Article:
The font itself should harmonize with the logo or create a strong contrast to it. Uses the logo e.g. B. Titillium, the text on the business card should also be in Titillium or in a clearly contrasting serif font such as B. Source Serif, but never in a similar font.

On the left the serif font as a contrast, on the right that of the logo font similar to Open Sans:

7. The font sizes: Just not too small

Most of the texts on business cards are set in sizes from 7 to 9 points - but that doesn't help much in practice. Because, depending on the font, a 7-point text can still be legible or not at all legible. Testing is therefore essential, and it is best to invite people over 50 (with and without glasses) to do so. Because nothing is more annoying than a badly legible telephone number. Don't just think of whole-number values: Often 1/2 point more works wonders without destroying the elegance. You can also vary the weights within a font family: B. the light version in small sizes is sometimes easier to read than the extra light. Texts in italics - currently not very en vogue anyway - tend to be more difficult to read than straight.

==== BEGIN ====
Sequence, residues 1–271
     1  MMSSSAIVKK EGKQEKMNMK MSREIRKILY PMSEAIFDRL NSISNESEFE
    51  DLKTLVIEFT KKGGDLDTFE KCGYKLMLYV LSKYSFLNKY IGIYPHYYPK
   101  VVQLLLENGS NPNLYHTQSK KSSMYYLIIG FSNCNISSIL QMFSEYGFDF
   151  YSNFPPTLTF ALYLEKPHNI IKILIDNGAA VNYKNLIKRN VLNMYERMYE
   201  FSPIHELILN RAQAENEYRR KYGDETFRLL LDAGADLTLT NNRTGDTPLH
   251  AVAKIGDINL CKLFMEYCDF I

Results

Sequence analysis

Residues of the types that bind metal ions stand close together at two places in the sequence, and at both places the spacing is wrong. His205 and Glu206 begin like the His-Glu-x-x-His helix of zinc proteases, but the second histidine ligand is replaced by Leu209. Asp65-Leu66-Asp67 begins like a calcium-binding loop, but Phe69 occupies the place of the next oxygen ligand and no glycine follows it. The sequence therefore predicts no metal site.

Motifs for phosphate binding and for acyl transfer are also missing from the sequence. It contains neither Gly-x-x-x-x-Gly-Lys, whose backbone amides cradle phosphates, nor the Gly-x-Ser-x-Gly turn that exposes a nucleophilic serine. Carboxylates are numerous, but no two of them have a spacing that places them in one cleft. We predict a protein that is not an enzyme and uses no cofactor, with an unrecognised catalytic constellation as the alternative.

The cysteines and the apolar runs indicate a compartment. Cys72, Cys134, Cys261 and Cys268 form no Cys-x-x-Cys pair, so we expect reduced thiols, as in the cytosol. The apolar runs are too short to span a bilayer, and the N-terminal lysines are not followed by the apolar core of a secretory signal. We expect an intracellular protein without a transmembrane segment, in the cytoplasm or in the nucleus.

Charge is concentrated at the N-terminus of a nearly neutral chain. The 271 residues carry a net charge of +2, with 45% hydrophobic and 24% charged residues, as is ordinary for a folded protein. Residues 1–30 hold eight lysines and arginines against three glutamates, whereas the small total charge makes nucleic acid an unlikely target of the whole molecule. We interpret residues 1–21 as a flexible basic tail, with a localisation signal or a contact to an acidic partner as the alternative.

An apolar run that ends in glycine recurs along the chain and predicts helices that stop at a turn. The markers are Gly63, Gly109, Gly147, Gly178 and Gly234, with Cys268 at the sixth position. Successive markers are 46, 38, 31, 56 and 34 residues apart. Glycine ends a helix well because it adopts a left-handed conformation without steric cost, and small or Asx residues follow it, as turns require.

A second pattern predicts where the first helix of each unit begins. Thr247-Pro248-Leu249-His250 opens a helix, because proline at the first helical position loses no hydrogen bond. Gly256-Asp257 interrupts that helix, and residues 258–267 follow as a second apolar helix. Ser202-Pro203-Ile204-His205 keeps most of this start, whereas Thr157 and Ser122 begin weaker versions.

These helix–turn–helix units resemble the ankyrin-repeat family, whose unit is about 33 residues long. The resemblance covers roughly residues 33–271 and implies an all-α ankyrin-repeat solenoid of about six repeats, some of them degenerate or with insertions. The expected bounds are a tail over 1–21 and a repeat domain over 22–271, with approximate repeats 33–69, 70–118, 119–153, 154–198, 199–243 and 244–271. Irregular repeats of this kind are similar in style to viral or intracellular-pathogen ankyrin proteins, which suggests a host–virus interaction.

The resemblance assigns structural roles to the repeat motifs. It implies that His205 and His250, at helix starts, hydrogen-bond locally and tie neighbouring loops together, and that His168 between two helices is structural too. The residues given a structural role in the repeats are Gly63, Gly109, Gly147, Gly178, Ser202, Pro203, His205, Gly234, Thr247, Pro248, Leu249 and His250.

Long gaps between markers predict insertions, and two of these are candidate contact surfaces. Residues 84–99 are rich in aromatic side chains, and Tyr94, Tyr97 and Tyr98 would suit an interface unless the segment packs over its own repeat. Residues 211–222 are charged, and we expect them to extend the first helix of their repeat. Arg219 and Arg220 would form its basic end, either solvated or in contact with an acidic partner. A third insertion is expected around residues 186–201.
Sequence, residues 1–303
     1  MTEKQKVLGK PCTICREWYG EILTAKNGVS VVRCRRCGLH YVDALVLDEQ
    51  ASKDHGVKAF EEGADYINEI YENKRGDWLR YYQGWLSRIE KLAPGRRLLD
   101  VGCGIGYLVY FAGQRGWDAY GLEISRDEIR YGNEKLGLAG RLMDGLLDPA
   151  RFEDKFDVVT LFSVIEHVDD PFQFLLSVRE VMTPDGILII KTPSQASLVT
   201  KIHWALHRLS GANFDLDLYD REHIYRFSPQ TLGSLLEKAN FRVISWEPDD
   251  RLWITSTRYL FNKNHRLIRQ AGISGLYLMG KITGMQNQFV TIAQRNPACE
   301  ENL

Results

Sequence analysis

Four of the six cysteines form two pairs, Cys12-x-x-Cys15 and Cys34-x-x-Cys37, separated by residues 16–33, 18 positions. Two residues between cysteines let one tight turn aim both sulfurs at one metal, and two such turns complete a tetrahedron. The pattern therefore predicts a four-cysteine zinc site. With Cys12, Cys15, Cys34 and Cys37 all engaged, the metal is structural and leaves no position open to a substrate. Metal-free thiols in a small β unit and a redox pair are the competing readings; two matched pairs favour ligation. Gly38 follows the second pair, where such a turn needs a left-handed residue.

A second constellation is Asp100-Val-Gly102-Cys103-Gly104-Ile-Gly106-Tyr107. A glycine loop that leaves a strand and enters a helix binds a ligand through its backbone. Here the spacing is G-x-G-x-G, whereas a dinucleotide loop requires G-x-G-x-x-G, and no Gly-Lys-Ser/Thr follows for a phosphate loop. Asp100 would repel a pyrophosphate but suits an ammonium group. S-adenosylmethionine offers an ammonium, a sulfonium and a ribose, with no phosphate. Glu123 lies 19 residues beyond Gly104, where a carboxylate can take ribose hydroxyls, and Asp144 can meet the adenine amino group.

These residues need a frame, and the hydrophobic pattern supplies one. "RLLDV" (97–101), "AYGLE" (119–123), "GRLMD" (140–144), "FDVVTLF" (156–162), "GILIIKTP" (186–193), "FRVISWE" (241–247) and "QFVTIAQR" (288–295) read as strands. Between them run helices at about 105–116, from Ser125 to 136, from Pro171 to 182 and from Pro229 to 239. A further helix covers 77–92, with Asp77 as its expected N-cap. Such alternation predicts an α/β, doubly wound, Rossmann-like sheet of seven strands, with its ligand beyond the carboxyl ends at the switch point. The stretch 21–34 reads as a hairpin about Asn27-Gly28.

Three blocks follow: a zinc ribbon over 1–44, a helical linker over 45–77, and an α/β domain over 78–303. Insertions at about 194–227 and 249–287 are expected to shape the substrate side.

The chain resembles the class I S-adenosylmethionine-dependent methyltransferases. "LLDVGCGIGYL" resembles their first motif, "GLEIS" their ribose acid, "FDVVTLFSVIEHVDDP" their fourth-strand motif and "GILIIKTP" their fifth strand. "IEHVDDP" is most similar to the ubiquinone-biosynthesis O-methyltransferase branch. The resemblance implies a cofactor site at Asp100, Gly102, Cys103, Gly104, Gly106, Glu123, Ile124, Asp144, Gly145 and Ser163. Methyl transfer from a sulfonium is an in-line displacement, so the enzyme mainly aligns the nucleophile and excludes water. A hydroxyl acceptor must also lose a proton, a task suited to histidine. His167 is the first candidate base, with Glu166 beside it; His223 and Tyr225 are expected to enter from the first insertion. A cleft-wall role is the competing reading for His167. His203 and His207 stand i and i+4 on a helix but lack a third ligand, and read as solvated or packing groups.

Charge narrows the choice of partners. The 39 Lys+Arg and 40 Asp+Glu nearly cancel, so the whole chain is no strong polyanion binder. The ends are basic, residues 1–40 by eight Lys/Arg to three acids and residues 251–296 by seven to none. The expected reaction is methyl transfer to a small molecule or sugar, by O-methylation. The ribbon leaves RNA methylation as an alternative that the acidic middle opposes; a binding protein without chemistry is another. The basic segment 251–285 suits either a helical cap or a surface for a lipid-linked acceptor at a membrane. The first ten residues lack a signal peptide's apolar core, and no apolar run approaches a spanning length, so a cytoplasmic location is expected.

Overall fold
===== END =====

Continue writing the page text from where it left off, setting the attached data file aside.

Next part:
8. The text colors: less is more

Colorful texts are almost always more difficult to read than black ones. Therefore, be careful with colored font on business cards, because the font here is usually very small anyway, and light colors in particular can be a problem. However, gray text looks classy and elegant - but it is only legible if it is really sharp and not roughly rasterized. Ideally, a gray spot color should be used in full tone (not screened).

If you use special colors in your corporate design that cannot be reproduced in digital printing (e.g. luminous or metallic colors), there is another stumbling block: the variable texts (i.e. everything that changes from card to card, such as name, e-mail, telephone number etc.) should NOT be provided in this special color if possible. If so, the post-production of individual business card packages will be disproportionately expensive due to the cost of retrofitting the machines.